The Securities and Exchange Commission may suspend trading in a security for up to ten days. Securities exchanges such as the New York and American Stock Exchanges and Nasdaq may delay trading in a security at the beginning of a trading day or halt trading in a security during the trading day.
The Securities and Exchange Commission may decide to halt trading in a company’s securities for up to ten days. Following the suspension, the Commission may continue to investigate the company and may file an enforcement action against the company. However, trading in the security resumes if the security is traded on an exchange or Nasdaq. For other securities that are traded in the over-the-counter market through entities such as the Bulletin Board and the Pink Sheets, broker-dealers are barred by Commission regulations from publishing quotes for a company’s securities following a suspension without first determining that the company has provided current and accurate financial statements.
Suspensions may be ordered by the Commission if it has questions about a company’s financial information or its assets or operations. The Commission may suspend trading in the company’s securities if public information about the company is inaccurate or inadequate or is not current.
Trading Delays and Halts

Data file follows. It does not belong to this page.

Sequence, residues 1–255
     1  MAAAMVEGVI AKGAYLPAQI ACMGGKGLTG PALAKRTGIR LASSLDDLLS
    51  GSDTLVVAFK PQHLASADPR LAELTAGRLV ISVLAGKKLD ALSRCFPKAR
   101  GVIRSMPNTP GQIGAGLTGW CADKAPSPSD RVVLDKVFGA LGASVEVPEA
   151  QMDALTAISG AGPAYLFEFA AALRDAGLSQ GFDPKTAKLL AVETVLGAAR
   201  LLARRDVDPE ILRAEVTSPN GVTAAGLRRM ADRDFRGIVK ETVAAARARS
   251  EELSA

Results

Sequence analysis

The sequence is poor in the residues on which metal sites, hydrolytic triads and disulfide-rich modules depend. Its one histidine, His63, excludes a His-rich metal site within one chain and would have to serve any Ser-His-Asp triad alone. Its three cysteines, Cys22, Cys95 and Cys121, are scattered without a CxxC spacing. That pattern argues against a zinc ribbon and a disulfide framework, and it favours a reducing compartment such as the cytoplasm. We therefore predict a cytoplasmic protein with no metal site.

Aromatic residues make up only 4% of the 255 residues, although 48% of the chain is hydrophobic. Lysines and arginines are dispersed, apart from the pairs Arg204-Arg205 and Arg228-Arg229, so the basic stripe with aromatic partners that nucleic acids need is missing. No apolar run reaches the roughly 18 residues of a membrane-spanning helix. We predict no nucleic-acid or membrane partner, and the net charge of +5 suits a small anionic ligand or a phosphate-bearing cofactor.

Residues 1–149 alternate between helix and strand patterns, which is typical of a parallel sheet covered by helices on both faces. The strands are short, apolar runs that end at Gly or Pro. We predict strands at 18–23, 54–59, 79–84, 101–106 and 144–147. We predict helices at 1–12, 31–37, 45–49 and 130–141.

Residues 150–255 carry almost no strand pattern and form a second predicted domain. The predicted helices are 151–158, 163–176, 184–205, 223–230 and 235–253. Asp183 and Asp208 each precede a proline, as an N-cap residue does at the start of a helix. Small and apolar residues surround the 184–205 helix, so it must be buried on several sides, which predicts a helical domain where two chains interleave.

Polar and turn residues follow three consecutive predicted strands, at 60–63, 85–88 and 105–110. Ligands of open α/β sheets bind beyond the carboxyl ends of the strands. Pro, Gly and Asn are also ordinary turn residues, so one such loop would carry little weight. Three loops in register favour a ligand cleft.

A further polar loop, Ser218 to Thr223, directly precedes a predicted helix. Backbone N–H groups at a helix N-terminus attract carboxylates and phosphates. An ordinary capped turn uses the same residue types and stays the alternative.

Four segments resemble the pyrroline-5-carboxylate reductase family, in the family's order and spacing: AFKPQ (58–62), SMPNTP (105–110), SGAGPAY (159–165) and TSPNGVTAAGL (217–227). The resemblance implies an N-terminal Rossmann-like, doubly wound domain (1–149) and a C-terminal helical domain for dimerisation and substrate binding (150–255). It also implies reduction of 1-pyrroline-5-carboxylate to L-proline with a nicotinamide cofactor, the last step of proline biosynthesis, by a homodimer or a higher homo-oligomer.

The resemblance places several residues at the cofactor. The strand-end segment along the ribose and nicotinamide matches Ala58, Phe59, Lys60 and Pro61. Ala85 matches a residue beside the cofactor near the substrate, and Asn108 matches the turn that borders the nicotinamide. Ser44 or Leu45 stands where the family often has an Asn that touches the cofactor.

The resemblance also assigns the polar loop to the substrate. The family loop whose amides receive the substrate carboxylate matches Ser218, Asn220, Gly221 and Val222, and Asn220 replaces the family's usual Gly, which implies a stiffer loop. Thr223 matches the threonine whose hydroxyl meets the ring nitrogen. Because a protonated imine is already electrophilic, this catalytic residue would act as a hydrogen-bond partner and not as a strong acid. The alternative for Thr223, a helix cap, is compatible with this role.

Exchanges and Nasdaq may call a trading delay (also termed a delayed opening) at the beginning of the trading day for a security on which there is an imbalance between buy and sell orders or if important news is expected for the company that issued the security. The exchanges and Nasdaq also may call a halt to trading in a security during the trading day, usually for no more than an hour, to allow specialists to correct a significant imbalance in buy and sell orders or to allow the market to absorb news about the company that issued the security.
Delays or halts due to impending company news are considered regulatory delays or halts. Delays or halts due to questions arising about continued ability of a security to meet listing requirements also are termed regulatory delays or halts. On the other hand, delays or halts due to trading imbalances are termed non-regulatory.
Copyright 2012 LexisNexis, a division of Reed Elsevier Inc.